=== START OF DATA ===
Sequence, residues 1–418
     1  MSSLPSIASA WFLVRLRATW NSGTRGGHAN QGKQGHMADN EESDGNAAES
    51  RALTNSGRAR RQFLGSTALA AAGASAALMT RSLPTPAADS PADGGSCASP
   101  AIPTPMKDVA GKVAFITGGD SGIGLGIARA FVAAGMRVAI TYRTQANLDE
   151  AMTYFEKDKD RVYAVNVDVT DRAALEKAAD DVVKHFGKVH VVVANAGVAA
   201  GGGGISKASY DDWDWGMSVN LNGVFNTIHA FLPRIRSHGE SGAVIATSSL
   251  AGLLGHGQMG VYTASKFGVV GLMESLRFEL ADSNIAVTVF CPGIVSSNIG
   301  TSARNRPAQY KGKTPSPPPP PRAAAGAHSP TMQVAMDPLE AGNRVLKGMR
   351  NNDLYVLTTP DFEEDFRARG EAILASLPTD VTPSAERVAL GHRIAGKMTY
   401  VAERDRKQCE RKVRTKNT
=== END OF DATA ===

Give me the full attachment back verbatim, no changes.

Sequence, residues 1–418
     1  MSSLPSIASA WFLVRLRATW NSGTRGGHAN QGKQGHMADN EESDGNAAES
    51  RALTNSGRAR RQFLGSTALA AAGASAALMT RSLPTPAADS PADGGSCASP
   101  AIPTPMKDVA GKVAFITGGD SGIGLGIARA FVAAGMRVAI TYRTQANLDE
   151  AMTYFEKDKD RVYAVNVDVT DRAALEKAAD DVVKHFGKVH VVVANAGVAA
   201  GGGGISKASY DDWDWGMSVN LNGVFNTIHA FLPRIRSHGE SGAVIATSSL
   251  AGLLGHGQMG VYTASKFGVV GLMESLRFEL ADSNIAVTVF CPGIVSSNIG
   301  TSARNRPAQY KGKTPSPPPP PRAAAGAHSP TMQVAMDPLE AGNRVLKGMR
   351  NNDLYVLTTP DFEEDFRARG EAILASLPTD VTPSAERVAL GHRIAGKMTY
   401  VAERDRKQCE RKVRTKNT